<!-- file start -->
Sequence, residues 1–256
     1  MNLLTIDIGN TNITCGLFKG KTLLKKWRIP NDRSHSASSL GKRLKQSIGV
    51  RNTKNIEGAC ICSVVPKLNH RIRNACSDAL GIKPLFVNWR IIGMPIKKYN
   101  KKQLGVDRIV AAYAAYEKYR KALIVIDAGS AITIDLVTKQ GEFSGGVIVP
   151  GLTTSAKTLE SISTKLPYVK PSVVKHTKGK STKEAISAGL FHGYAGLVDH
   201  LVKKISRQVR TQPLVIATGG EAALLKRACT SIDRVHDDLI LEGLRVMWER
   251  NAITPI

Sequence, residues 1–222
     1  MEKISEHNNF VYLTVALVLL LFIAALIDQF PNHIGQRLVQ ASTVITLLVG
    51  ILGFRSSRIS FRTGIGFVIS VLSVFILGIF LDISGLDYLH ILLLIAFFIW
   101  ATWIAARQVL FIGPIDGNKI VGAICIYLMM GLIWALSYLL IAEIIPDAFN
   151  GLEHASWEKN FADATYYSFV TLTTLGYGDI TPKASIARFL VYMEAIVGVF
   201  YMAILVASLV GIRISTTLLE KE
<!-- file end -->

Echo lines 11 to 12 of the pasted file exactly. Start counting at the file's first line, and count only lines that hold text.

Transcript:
   101  ATWIAARQVL FIGPIDGNKI VGAICIYLMM GLIWALSYLL IAEIIPDAFN
   151  GLEHASWEKN FADATYYSFV TLTTLGYGDI TPKASIARFL VYMEAIVGVF